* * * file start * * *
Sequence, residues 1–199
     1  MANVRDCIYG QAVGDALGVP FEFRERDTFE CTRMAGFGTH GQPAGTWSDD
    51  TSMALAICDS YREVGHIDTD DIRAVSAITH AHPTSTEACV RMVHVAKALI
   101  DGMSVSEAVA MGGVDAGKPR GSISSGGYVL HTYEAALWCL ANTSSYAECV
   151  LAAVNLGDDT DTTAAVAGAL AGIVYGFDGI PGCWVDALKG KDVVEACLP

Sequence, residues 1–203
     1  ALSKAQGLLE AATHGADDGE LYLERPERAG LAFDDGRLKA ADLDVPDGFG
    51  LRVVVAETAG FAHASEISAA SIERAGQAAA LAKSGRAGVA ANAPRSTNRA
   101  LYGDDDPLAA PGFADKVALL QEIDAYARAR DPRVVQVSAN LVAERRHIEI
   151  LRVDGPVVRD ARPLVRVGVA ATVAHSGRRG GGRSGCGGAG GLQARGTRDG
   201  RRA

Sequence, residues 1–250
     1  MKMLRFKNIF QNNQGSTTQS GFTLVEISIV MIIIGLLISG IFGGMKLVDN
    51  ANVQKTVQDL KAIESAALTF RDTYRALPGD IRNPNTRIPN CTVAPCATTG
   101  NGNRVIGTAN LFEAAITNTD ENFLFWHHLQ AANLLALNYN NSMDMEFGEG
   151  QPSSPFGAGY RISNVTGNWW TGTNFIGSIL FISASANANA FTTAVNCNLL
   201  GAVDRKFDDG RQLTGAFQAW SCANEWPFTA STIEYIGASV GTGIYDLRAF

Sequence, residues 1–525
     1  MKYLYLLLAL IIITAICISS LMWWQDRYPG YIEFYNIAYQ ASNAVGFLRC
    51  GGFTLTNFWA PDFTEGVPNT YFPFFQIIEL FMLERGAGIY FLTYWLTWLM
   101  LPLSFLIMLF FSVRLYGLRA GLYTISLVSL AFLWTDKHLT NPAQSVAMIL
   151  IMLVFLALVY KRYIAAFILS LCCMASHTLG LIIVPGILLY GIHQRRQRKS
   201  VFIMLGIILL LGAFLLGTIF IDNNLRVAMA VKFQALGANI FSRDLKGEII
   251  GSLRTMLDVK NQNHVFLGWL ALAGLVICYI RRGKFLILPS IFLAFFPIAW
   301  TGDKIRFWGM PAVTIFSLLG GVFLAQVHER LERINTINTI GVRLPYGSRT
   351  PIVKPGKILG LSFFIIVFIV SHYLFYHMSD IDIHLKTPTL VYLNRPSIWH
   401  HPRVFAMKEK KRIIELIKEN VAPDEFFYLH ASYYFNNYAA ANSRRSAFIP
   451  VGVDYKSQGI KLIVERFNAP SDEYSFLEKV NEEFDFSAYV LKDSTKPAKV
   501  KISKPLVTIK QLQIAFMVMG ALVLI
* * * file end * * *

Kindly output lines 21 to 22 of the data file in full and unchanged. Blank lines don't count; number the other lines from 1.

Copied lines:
   101  LPLSFLIMLF FSVRLYGLRA GLYTISLVSL AFLWTDKHLT NPAQSVAMIL
   151  IMLVFLALVY KRYIAAFILS LCCMASHTLG LIIVPGILLY GIHQRRQRKS